Over the last twenty years we have listened in disbelief and increasing anger, to the prattling of those inhabiting their setts in the Westminster bubble, hell bent on finding that huge hidden reservoir of cattle TB which is driving the epidemic in this country, while ignoring the blindingly obvious.

Having trousered £1m in 1997, they employed one of the most 'political' scientists - [link] on the planet to prevaricate for another decade. And have wrapped the UK's primary wildlife reservoir of zoonotic Tuberculosis up in its grade 1 listed Ancestral home with ultimate protection. So, as they busily skip towards their protected pensions,  what can we remind them of as another new year breaks?

Here's a few points for starters.
We are hearing some alarming 'factoids' about the universally applied intradermal skin test. But apparently only applicable in certain areas of England, Wales and Ireland it seems. In the rest of the world, it works just fine. Now if this internationally used skin test was missing X per cent of infected cattle in parts of Great Britain (take your pick on what figure is doing the rounds) but let's settle on 20 per cent, then eventually, all these disease riddled animals would end up in abattoirs. That's what happens. And they would go down the line past a Meat Hygiene operative, trained to look for evidence of - tuberculosis.
So how many do they find? Defra reported in 2014:
Between 2009 and 2013, over 11.1 million cattle were recorded as slaughtered in 313 slaughterhouses in GB. During this period 7,370 samples with lesions suspicious of bTB were submitted to AHVLA by meat inspection teams of the Food Standards Agency (FSA) leading to an overall rate of 0.66 submissions per 1,000 animals slaughtered.

M.bovis was identified in 5,366 [of those] samples.
Full report on this link - [link]
But 5,366 out of 11.1 million cattle with culture positive evidence of zTB is not 20 per cent missed, or even 2 per cent. Its just under 0.05 per cent. Some reservoir. Some lie.

And don't mention the Isle of Man - [link] a lump of rock in the Irish sea, from which you can see if not touch, parts of Ireland, Wales and England: enjoying the same weather, geology, cattle husbandry and testing. But no TB and no badgers. Maybe it is the TT races? But then correlation is not causation, is it?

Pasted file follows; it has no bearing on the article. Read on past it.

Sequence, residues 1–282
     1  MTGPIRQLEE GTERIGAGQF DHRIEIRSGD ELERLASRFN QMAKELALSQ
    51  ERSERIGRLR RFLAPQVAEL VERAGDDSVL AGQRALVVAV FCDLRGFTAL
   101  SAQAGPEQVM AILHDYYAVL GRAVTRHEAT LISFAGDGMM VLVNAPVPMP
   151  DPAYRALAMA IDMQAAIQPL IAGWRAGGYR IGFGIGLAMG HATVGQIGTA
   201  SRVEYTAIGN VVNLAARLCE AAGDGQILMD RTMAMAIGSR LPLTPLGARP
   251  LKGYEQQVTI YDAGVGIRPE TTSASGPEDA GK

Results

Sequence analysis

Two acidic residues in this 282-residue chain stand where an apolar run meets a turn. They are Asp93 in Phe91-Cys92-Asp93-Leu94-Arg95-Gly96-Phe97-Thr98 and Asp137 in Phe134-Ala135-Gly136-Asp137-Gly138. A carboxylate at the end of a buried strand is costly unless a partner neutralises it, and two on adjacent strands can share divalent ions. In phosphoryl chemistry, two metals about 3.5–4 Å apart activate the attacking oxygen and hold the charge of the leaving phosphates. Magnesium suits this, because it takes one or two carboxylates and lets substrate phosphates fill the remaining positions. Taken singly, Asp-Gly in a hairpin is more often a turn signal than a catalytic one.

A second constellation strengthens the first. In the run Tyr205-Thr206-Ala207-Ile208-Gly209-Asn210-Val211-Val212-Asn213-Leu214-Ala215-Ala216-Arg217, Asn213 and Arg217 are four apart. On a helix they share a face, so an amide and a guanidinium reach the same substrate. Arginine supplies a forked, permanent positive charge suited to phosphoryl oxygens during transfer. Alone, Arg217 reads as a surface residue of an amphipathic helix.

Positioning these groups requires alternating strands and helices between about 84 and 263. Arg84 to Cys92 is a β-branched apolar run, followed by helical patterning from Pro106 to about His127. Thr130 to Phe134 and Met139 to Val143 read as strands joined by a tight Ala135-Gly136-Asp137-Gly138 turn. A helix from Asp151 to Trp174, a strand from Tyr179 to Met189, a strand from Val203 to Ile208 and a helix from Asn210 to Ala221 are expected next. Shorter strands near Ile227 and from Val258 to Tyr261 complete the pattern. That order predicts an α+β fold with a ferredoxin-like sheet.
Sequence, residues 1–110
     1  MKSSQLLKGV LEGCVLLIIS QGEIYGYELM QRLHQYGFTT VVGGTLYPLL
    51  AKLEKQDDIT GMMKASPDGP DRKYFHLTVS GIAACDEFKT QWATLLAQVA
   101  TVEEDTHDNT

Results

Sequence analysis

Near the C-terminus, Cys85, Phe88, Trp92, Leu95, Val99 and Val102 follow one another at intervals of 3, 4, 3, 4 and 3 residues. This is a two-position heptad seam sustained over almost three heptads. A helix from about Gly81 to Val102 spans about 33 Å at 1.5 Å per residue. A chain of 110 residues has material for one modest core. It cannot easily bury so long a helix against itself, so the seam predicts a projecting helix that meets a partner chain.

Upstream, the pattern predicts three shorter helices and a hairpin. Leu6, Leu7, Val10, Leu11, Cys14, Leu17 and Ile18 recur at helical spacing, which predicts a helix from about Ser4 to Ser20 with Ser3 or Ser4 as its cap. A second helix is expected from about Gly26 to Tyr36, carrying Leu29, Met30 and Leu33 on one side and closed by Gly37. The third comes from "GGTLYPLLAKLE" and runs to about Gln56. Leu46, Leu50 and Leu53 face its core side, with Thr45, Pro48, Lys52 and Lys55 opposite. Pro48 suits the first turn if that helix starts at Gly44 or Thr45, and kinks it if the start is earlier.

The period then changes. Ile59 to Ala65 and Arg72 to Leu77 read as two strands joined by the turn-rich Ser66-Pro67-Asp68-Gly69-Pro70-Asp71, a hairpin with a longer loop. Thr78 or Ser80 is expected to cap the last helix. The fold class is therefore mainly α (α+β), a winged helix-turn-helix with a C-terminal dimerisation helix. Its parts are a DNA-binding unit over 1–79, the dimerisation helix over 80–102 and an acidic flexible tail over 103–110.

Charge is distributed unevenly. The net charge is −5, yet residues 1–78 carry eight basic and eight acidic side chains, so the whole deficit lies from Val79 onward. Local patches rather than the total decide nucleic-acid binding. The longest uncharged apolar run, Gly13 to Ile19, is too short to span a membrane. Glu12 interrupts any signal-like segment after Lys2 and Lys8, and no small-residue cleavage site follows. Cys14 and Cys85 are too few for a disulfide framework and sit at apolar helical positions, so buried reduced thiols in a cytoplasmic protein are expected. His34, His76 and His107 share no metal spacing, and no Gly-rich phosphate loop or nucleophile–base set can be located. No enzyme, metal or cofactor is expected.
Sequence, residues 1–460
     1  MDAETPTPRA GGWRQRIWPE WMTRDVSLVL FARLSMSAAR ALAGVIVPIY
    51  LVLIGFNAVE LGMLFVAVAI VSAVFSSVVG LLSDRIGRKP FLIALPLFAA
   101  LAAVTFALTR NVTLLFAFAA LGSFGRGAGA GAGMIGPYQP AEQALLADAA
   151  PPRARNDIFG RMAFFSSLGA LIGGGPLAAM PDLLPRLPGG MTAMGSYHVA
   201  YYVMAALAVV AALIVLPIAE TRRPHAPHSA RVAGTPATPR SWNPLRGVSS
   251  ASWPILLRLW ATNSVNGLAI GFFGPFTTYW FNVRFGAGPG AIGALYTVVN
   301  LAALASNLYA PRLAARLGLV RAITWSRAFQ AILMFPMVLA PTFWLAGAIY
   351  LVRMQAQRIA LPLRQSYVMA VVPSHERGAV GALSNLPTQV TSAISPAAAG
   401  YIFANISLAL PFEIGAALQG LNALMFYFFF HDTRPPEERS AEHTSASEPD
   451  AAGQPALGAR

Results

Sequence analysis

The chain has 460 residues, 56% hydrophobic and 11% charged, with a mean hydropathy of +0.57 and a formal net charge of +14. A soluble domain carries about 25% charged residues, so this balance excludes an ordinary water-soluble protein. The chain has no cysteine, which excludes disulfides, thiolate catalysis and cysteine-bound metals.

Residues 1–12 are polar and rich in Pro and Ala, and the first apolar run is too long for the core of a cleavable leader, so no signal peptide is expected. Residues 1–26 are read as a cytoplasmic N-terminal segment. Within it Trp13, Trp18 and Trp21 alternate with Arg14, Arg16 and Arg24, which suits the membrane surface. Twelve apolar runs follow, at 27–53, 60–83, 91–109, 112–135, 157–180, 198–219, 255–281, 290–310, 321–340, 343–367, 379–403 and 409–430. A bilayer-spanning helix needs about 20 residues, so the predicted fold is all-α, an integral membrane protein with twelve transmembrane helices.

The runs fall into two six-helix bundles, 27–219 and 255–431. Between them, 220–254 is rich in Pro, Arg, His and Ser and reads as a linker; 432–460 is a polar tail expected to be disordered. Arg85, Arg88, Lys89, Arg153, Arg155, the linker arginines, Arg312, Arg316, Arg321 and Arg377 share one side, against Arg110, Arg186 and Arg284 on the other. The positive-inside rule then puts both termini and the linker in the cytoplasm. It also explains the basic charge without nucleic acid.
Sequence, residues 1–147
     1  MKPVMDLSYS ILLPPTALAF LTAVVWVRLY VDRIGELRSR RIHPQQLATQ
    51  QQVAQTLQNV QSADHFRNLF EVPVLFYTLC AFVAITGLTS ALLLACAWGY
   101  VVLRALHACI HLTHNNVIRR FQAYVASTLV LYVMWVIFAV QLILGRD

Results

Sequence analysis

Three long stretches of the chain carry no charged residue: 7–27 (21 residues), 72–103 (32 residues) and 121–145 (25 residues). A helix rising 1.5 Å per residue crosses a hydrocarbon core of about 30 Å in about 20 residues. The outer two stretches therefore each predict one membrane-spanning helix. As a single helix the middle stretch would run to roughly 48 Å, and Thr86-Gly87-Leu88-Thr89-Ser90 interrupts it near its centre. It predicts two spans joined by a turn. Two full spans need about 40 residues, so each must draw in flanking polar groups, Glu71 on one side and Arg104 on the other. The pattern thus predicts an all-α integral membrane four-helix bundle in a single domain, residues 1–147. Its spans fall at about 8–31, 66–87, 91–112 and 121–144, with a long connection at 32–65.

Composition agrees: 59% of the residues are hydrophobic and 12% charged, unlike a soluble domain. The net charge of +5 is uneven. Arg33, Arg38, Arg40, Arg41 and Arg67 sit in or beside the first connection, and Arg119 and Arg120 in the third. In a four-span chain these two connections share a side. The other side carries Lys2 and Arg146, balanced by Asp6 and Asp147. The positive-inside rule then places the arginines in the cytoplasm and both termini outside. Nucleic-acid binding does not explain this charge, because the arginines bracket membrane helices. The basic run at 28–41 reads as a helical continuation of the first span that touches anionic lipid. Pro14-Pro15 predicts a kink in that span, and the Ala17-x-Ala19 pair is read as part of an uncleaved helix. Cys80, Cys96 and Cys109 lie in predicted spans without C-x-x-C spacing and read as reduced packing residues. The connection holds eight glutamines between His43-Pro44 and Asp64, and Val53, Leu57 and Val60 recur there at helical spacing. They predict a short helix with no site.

So as more severe cattle measures rain down on herds unfortunate to live in the areas of England frequented by endemically infected badgers, will they work? Will testing all breakdown herds twice under severe interpretation, using more GammaIFN (with a specificity of around 65 per cent) and very little movements except direct to an abattoir, work?

So a message to all you bright young things, who think this is a new idea, it is not. -[link] It was done with bells on in Cornwall in the 1970s by a DVM called William Tait who operated  fierce and brutal cattle carnage. And repeated from 1988 - 1992 by Liam Downie - [link] in the Republic of Ireland.

 Predictably, the results of both were a futile and expensive embarrassment. Except that our lot seem hell bent on repeating them. Why?

Which brings us around to the latest guff to hit the cattle industry. The Berlin wall which Defra have erected around the best piece of pure science to be available to us for a long while.
A screening test to find infected badgers - [link] something which we have always been assured wouldn't happen.

But having accepted this validated test in 2011, repeated it to find its best operational protocol in 2014, Defra then proceeded to ignore that protocol in a blinded trial commissioned in 2015.
And still one test passed 4 out of 5 strict criteria with flying colours, when offered genuinely positive (spiked) samples. So what was left? Professor Wellington's PCR test was said to be 'borderline' on group specificity.

And would thus leave a possible heap of falsely accused, but very dead badgers.

We could remind readers that gammaIFN has a specificity around 65 per cent when used on cattle, leading to many  false positives, but let that pass.

The blinded trial used single samples, so how did they arrive at a group figure? We suspect that they 'modeled' it back from a single sample / badger. But PCR is not a test which can be 'modeled'. It is DNA.

Think paternity tests and Forensic Science. No interpretation, just a yes or a no - but not the milkman.